This study is for patients that are getting an allogeneic hematopoietic stem cell transplantation (allo-HSCT) from an unrelated donor for a hematologic malignancy, (cancers that affect the blood and/or lymphatic system). The investigational drug in this study is Vedolizumab. This purpose of this study is to investigate the safety and effectiveness of Vedolizumab compared to placebo (dummy drug), for prevention of intestinal acute graft versus-host disease (aGvHD) in patients undergoing allo-HSCT. GvHD occurs when particular types of white blood cell (T cells) in the donated cells (the graft) attack patients own body cells.
This study is for children age 0-2 who have been diagnosed with severe combined immunodeficiency (SCID). In this study, participants will be randomized (select by chance) into groups that will decide the dose of chemotherapy they will receive, receive chemotherapy prior to a blood stem cell transplant, and have blood drawn for research tests. The purpose of this research study is to find out if lower doses of a chemotherapy drug called busulfan before stem cell transplant can help patients with SCID, and to see if the device the CliniMACS® is effective in preparing donor stem cells before the transplant. Participants can expect to be in this study for up to 3 years.
This study is for subjects that are about to receive high dose cyclophosphamide before a blood or bone marrow transplant (BMT). The investigational drug in this study is Olanzapine. This research is being done to find out whether adding olanzapine to standard medications will be helpful in controlling chemotherapy induced nausea in children. The total length of participation in this study will depend on how many days you are scheduled to receive chemotherapy, but can be up to a maximum of 2 weeks. We will review your chart for 100 days after transplant. There will be no extra visits to MUSC due to participating in the research study.
This study is for subjects that have been diagnosed with B-cell Acute Lymphoblastic Leukemia (B-ALL). The study treatment is called tisagenlecleucel (you may also see it referred to as CTL019, CART-19 or Kymriah™). The purpose of the study is to test an experimental approach called gene transfer in subjects that are considered to have high-risk Acute Lymphoblastic Leukemia (ALL), a type of blood cancer that involves cells in your blood called B cells.
Your study participation in this study will not last for more than 8 years. You will be asked to join another study after this trial so your study doctor can check on you for as long as 15 years after the treatment.
This study is for patients that have been diagnosed with Epstein-Barr Virus associated Post-Transplant Lymphoproliferative Disorder (EBV-PTLD). The investigational drug in this study is tabelecleucel. Tabelecleucel is a product containing special immune allogeneic cells, called EBV-Cytotoxic T Lymphocytes (EBV-CTLs), that are made in the laboratory starting with cells from a healthy person who is immune to EBV. The purpose of this study is to test how well tabelecleucel works to treat EBV-PTLD following SOT in patients who have not responded to rituximab or rituximab plus chemotherapy treatment and to see what side effects happen. Your participation will help us to understand more about tabelecleucel. In the first 12-month period, participants will be asked to come to the clinic for an estimated 11 to 19 study visits and a minimum of 2 scans, depending on the number of cycles of treatment they are given. After treatment is done, participants will enter into the follow-up phase, and will continue to come into the clinic for scheduled check-ups for up to 24 months after the first dose of tabelecleucel was given. Participant information on the status of their disease and any new treatment will be collected for up to an additional 3 years. Participants can expect to be in this study for up to five years total.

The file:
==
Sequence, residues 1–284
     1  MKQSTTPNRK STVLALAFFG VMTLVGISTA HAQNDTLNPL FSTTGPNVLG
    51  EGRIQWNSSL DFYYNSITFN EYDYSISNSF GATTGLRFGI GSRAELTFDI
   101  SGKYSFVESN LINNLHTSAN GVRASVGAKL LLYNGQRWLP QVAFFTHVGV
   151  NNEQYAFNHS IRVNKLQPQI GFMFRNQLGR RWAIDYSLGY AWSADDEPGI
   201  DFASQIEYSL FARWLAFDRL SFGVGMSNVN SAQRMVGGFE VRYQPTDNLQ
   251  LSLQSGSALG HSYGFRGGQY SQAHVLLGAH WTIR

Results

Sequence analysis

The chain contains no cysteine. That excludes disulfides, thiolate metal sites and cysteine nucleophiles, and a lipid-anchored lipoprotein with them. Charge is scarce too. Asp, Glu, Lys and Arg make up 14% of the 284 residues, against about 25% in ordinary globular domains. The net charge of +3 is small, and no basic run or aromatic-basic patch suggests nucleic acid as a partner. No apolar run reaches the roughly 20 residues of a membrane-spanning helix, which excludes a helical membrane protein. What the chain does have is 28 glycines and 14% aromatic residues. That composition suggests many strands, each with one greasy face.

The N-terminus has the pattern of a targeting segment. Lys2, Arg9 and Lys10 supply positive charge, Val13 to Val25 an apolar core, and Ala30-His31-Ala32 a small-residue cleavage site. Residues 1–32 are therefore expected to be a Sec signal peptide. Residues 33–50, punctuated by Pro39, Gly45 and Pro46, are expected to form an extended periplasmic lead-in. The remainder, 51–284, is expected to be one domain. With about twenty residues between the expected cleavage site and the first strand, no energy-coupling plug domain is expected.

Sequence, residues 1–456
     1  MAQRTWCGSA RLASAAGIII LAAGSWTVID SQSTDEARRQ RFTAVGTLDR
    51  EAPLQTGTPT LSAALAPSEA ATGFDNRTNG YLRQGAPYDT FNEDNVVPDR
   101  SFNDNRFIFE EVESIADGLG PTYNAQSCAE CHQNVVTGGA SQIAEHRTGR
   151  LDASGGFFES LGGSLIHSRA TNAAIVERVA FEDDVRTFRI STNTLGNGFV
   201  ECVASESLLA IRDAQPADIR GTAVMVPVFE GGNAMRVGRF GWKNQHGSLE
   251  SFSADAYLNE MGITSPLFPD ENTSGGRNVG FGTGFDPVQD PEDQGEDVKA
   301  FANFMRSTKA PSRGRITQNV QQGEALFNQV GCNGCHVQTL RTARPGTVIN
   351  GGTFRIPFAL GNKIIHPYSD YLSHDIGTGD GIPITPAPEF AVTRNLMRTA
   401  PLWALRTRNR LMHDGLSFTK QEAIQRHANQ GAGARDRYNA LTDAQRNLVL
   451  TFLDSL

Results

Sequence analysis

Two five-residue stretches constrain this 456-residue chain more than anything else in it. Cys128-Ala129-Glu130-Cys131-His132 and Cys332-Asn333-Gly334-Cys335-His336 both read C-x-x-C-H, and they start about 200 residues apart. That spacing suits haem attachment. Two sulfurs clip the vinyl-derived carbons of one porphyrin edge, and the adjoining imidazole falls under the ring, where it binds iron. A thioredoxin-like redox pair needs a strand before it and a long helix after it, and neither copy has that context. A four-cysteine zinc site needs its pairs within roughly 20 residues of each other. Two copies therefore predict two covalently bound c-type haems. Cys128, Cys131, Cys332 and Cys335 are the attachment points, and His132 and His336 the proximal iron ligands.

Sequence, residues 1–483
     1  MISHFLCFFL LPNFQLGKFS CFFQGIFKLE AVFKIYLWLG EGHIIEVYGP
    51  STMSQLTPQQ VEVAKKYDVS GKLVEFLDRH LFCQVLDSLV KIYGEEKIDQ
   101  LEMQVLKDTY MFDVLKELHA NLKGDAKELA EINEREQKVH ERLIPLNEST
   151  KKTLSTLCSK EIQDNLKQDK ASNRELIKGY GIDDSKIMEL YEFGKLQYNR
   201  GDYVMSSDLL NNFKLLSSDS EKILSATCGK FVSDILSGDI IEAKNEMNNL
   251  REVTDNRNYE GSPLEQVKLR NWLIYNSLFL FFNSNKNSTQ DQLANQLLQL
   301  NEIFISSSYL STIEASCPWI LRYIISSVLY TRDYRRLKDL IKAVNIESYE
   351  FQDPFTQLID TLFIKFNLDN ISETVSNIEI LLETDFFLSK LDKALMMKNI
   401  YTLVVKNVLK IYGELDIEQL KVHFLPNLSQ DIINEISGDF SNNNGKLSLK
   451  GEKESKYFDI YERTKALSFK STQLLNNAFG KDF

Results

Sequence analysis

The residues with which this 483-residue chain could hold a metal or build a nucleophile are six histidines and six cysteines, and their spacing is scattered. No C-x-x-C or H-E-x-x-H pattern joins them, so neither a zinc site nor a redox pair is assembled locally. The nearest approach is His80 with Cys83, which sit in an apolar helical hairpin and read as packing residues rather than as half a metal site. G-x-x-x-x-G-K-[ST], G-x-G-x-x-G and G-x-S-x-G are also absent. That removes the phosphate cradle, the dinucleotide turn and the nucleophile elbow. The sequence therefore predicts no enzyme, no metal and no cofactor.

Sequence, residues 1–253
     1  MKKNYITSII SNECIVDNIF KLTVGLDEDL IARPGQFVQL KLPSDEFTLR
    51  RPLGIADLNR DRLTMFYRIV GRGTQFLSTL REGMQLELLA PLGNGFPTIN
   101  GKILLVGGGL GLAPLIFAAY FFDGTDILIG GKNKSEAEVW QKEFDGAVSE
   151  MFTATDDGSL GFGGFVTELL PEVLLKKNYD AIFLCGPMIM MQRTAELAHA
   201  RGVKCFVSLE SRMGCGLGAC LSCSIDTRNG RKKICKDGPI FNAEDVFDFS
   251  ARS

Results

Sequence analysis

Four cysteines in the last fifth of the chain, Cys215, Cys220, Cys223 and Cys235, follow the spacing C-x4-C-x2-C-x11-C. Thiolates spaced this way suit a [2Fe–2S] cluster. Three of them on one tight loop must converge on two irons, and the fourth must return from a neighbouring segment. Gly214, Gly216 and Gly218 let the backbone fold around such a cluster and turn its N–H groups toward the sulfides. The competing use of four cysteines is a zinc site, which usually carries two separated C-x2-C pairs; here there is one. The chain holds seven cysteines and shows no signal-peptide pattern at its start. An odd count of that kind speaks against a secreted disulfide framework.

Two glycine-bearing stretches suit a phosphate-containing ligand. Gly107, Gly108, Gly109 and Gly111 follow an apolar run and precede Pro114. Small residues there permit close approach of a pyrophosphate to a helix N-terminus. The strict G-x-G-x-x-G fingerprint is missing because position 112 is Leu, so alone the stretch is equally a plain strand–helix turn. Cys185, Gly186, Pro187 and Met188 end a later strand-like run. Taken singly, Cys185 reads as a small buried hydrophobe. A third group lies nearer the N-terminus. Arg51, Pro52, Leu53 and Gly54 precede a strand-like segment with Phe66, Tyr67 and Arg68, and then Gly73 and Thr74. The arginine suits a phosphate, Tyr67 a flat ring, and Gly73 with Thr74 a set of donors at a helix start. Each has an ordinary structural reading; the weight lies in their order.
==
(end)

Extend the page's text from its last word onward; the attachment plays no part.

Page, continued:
This study is for patients that have had a Hematopoietic Stem Cell Transplant (HSCT) and still have persistent Cytomegalovirus (CMV), adenovirus and/or Epstein-Barr Virus (EBV) infection; or have a Primary Immunodeficiency Disorder (PID) with one or more viral infections that persist. The primary purpose of the study is to evaluate whether most closely HLA-matched multivirus-specific T cell lines obtained from a bank of allogeneic virus-specific T cell lines (VSTs) have antiviral activity against three viruses: EBV, CMV and adenovirus. Participants can expect to be on this study for about 12 months.
This study is for patient that have been diagnosed with suspected lower respiratory tract infection. The purpose of this study is to evaluate a new test that may be able to find more lung infections than current tests can. This new test is called next-generation sequencing and looks in respiratory secretions for bacteria, viruses, fungi, and other organisms that may cause infection. We hope to learn more about the usefulness of this new test in identifying infections.